Near the end of ORGL 535, I felt a strange sense of impending loss. My organizational world had been turned upside down and I invited counsel from Professor Spears on how to continue the journey. His advice was simple: continue the journey. I immediately registered for ORGL 530 and dived more deeply into Robert Greenleaf’s foundational texts, as well as contemporary voices on the subject — James Sipe, Don Frick, John Henry Horsman, and others. My culminating project (the artifact below) was a primer for how to communicate basic ideals of servant-leadership through some higher-level references, as well as a few tactical practices. This course was more forward-looking than ORGL 535, because it gave me two goals. First, I knew that my capstone project for the ORGL program would focus on grounding the characteristics of servant-leadership in tangible ways to improve my work as a nonprofit fundraiser. The other goal was to write an academic article on how servant-leadership changed me as a leader — an article that was recently accepted into the International Journal of Servant Leadership.
ORGL 615: Organizational Theory and Behavior
Though each course requires posting and engaging with our peers, I was not anticipating the level of collaboration we found in this course — nor was I expecting it to be so fun. I recalled being very interested in the notion of systems thinking during Organizational Communication, though being able to fully understand the events, patterns, and structures that comprise the reality of everyday organizational life.  In the course exercises, I began looking at recurring issues I was seeing in my work and volunteer lives, and charted ways to not simply bring them into the light, but to identify real, actionable solutions. Systems thinking, in particular, became an obvious tenet that would weave into my capstone project on servant-leadership and philanthropy —specifically under the notion of conceptualization. Beyond the course learnings, I am proud to say that our collaborative working group — the “Team 3” quintet that summited Mount Everest for one of the course exercises — has built a very strong, ongoing friendship well beyond the program.
ORGL 506: Leadership and Diversity
Although it was outside of my intended vision for the program, I felt a compelling need to focus some of my degree on diversity. It would have been imprudent to explore the notions of organizational leadership without acknowledging the differences that exist between workers. Brenda Allen’s Difference Matters was an especially moving text, helping me think about difference in terms of the “…ways that each of us can vary from one another.”  This simple view is a clear lens through which I now look at all the ways my colleagues can lean into our differences to build the best possible organizations. Especially in my nonprofit line of work, I grappled with this in a healthy way, inspiring the artifact referenced below — a presentation on why organizations either need to change or perish.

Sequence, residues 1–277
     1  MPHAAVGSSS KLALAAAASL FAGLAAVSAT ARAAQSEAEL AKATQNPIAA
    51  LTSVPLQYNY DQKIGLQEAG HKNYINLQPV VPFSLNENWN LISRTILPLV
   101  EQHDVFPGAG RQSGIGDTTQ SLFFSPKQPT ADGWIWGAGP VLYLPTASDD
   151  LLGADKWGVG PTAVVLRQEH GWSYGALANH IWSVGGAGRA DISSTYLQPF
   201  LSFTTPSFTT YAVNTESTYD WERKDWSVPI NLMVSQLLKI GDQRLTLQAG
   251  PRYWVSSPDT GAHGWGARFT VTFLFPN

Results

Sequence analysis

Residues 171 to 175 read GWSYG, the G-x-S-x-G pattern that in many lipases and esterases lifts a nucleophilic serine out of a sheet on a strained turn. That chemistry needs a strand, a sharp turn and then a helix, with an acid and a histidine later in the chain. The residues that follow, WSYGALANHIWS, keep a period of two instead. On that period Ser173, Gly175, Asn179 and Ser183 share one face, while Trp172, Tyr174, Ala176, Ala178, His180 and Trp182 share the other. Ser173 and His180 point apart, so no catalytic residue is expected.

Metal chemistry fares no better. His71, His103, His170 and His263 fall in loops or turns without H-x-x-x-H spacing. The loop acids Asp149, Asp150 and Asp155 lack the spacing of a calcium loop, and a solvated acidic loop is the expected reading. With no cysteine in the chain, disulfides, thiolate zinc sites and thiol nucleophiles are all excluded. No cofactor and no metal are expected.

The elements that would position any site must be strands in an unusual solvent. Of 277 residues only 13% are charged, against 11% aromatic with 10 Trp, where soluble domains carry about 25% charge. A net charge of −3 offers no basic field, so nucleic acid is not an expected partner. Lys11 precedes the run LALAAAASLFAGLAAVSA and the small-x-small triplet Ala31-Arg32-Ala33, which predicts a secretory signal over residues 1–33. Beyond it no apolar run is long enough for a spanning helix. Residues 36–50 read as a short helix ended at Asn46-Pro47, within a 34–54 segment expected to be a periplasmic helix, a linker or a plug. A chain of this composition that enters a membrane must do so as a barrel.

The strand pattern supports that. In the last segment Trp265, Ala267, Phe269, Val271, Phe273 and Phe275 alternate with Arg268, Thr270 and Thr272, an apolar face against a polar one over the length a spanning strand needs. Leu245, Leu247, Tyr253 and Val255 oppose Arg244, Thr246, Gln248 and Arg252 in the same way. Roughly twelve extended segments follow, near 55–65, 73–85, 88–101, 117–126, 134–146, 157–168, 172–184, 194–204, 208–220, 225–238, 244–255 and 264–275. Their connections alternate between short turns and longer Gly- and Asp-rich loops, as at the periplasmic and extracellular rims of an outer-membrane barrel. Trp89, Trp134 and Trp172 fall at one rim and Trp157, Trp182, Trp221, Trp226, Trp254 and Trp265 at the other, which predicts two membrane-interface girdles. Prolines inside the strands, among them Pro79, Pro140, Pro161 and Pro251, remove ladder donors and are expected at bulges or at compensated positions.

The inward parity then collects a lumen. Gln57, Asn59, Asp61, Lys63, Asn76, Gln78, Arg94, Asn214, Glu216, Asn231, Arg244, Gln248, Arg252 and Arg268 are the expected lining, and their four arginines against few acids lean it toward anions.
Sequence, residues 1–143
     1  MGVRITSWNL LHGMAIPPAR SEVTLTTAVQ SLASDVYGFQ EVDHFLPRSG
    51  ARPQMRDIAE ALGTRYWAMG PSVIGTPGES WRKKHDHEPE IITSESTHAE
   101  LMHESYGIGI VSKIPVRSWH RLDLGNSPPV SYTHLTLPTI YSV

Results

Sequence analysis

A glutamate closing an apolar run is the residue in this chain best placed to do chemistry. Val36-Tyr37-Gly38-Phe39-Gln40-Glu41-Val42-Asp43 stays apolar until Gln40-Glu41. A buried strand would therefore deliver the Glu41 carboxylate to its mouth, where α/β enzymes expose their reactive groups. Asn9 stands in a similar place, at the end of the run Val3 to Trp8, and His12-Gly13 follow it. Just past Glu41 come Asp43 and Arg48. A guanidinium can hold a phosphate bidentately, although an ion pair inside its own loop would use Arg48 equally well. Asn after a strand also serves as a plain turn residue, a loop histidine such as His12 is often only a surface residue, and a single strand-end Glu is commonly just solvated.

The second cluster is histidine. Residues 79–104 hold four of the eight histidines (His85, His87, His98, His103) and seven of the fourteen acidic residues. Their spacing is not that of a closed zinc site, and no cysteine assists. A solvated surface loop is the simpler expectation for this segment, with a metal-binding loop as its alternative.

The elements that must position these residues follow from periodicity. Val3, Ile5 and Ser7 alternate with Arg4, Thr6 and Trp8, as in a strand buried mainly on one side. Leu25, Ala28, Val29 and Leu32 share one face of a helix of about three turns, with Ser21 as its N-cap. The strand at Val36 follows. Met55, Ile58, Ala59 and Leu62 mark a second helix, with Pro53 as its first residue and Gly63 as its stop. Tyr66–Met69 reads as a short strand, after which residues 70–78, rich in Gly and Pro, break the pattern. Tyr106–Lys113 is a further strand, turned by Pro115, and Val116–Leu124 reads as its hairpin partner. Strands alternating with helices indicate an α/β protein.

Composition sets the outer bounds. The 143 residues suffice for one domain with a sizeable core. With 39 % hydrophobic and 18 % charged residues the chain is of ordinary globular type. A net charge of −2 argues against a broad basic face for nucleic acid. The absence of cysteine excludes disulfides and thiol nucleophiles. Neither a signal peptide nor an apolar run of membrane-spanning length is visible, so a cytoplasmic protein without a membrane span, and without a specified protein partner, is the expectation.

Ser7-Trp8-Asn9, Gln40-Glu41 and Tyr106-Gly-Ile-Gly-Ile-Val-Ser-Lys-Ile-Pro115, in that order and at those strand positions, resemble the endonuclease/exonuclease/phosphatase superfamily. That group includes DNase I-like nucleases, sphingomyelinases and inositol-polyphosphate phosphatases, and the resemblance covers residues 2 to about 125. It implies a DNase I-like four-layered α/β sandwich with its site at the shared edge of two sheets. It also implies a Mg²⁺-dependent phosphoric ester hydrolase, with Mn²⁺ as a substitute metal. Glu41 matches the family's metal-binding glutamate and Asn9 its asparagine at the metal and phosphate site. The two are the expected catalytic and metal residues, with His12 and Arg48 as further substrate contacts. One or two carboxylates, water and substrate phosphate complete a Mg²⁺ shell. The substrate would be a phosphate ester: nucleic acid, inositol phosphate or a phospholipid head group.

ORGL 518: Transforming Leadership
Though I knew my capstone work would center around servant-leadership, it was ironically an underlying transforming leadership notion that cemented my focus. They are similar in that they both build connection and growth through morality, yet both leave considerable room for interpretation. In speaking about the grandfather of transforming leadership, James MacGregor Burns, Mary Miller suggests that “Burns does not state what specific behaviours are used to enable the end goals…”  It occurred to me that much leadership writing and scholarship floats in a theoretical space. Burns himself wrote on causation, metamorphosis, and other details, though there seems to be very little in the way of a roadmap (or field guide) to lead transformitavely.  This was the golden ticket for my culminating work — to create such a document that nonprofit workers can use to activate on specific ideals.
 Northouse, P. G. (2019). Leadership: Theory and practice. SAGE. (Original work published in 2015). (p. 5)
 Conrad, C. R. & Poole, M. S. (2012). Strategic organizational communication in a global economy. Wiley-Blackwell. (p. 75)
 Ibid, (p. 38)
 Arnett, R. C., Fritz, J. H., & McManus, L. B. (2017). Communication ethics literacy: Dialogue & difference. Kendall Hunt. (p. 135)
 Anderson, V. & Johnson, L. (1997). Systems thinking basics: From concepts to causal loops. Pegasus.
 Allen, B. J. (2011). Difference matters: Communicating social identity. Waveland Press. (p. 4)
 Miller, M. (2006). Transforming Leadership: What does love have to do with it? Transformation, 23(2), (p. 94)
 Burns, J. M. (2003). Transforming leadership: A new pursuit of happiness. Grove Press.